Could someone trademark a fairly common string of words, like "This is Your Life" or "Ask [Name]"? My question specifically regards to the naming a podcast — not naming a business. There is a podcast named that, which is fairly popular on iTunes, but if someone else started a podcast with the same name, could the original creator sue?

Just to be clear, I do not want to name a podcast with the same name(s) mentioned above or anything along those lines — it's just a general question.


Just Do It. The preceding sentence is one example of a trademark that consists of common words demonstrating that it can be done.

As to the podcast if you were duplicating the name of their podcast it would depend on a number of things including if they had trademarked that name, and how Apple's terms of service are for the iTunes podcasts.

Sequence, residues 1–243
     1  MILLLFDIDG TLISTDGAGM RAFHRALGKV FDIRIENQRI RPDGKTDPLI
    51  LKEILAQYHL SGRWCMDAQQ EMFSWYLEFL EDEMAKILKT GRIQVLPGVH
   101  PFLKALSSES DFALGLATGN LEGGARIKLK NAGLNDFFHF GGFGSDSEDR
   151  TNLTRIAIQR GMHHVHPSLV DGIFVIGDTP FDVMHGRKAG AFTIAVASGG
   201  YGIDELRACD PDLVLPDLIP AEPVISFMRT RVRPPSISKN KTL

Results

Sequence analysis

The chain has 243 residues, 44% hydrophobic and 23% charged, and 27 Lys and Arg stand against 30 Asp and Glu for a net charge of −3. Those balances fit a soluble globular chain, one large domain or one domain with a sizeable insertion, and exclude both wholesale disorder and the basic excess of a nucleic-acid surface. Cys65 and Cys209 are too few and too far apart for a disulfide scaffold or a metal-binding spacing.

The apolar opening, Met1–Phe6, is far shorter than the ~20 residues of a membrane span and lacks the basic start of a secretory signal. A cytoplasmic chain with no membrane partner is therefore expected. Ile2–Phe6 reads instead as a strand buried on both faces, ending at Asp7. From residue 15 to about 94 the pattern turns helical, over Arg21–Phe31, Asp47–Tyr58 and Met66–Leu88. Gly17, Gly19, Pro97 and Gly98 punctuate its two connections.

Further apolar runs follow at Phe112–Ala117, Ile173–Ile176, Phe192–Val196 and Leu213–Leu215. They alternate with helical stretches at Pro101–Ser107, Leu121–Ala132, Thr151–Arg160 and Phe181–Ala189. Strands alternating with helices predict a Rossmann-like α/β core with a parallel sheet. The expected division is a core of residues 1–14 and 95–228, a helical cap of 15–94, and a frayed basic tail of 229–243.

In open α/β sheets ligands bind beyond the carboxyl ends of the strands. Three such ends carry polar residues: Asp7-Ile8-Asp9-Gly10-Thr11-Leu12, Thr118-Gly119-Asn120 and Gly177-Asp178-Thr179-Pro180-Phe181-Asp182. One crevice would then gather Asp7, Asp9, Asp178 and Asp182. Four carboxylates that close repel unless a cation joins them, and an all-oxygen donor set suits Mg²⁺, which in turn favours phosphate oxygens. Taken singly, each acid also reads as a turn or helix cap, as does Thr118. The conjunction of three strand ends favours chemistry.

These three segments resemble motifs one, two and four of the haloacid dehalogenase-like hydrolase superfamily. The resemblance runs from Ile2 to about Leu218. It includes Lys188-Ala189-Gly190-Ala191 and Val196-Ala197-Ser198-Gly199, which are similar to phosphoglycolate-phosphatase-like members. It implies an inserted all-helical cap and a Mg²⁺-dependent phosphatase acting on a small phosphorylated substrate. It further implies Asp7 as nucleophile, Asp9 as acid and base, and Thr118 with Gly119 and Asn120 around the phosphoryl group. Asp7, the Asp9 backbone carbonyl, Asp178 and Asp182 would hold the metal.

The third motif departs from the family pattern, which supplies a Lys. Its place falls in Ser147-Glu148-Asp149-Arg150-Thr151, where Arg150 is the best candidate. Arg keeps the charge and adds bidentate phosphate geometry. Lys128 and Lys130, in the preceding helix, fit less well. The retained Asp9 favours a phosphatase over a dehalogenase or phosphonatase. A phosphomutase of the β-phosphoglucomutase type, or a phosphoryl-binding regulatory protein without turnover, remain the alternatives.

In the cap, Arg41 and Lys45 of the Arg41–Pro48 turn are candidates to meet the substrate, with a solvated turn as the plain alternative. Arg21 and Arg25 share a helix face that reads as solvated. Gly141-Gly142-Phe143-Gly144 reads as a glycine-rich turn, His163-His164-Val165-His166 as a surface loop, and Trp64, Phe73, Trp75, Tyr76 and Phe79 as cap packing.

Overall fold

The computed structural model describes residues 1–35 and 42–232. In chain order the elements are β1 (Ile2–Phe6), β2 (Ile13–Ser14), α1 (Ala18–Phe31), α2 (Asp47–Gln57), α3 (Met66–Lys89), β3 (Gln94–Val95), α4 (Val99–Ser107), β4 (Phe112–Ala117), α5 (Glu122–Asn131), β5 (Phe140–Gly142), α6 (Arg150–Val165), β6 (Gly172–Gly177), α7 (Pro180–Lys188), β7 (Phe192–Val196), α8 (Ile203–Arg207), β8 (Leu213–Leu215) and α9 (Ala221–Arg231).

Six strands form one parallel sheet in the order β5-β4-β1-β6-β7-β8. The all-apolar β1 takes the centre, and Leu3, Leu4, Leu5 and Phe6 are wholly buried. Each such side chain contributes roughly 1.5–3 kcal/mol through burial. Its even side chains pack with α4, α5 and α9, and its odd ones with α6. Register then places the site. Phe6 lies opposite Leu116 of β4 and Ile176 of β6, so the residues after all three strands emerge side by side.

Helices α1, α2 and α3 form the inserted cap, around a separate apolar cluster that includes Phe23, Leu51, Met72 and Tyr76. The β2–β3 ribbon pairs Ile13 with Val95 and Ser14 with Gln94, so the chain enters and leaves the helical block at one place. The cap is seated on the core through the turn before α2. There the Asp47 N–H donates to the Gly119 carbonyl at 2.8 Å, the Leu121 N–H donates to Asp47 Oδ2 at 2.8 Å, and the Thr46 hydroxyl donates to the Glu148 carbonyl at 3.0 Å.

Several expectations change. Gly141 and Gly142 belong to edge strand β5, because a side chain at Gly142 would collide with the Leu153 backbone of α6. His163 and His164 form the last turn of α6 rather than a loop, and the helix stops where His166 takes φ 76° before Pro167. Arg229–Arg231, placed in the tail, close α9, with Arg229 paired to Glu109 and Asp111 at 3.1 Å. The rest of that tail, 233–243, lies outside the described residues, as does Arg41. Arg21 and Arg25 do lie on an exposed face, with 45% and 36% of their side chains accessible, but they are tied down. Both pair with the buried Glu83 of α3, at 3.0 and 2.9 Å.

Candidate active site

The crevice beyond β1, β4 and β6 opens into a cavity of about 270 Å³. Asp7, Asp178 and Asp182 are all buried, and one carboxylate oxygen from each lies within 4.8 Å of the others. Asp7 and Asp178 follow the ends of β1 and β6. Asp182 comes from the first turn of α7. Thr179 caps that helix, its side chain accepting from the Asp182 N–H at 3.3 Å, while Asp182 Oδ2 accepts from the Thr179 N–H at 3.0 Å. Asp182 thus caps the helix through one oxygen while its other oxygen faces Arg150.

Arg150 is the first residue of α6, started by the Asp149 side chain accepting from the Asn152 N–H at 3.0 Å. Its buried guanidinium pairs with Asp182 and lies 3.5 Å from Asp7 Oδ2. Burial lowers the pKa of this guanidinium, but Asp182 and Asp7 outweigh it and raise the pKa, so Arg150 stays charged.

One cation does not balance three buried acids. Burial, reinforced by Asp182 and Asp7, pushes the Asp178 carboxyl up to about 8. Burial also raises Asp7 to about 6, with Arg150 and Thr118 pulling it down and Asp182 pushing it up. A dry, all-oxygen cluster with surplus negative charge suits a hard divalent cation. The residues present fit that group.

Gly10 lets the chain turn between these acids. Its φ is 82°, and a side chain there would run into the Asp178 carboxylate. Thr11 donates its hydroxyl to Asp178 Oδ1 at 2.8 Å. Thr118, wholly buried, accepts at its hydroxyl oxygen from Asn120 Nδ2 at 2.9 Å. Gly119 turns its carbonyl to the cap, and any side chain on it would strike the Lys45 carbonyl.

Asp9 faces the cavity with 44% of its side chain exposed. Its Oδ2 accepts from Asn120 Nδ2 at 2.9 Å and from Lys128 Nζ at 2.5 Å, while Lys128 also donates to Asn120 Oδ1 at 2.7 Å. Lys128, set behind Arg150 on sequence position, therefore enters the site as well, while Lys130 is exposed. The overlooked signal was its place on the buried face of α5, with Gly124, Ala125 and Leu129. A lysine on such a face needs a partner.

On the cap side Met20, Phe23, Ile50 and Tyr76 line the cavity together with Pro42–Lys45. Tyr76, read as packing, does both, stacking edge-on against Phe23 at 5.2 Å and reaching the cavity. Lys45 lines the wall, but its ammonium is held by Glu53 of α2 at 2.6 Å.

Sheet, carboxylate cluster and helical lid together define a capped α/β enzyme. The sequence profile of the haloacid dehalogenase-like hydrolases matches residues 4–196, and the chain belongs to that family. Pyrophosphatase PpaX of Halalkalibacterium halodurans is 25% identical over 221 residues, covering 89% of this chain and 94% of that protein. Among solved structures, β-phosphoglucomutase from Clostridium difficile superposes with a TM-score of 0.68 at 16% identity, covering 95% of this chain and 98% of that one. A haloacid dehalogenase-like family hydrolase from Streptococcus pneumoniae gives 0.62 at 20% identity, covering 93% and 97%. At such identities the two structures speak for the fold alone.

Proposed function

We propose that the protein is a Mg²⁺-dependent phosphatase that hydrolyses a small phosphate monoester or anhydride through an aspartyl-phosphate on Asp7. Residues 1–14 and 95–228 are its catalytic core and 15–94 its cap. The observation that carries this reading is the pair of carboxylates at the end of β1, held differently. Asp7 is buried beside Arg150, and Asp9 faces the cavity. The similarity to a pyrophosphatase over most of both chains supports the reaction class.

• Great point. Considering I worked for that company, I should have thought of that one. Appreciate the info.
    – Matt
    Nov 30 '17 at 19:36

A trademark doesn't have legal value unless it acquires "secondary meaning" (i.e. an association with a good or service beyond the ordinary meaning) which is presumed for principal register U.S. federally registered trademarks but not for secondary register marks which put the world on notice of a claim as of a given date without a presumption of validity.

Another example of common word phrases is "You've got a friend in the diamond business" of Shane Company (a national jewelry chain).

Also even if a word mark by itself can't be protected since it doesn't qualify as a trademark by virtue, for example, of being purely descriptive in the ordinary sense of the words, those words protected only when coupled with a logo or special stylized script can be protected.

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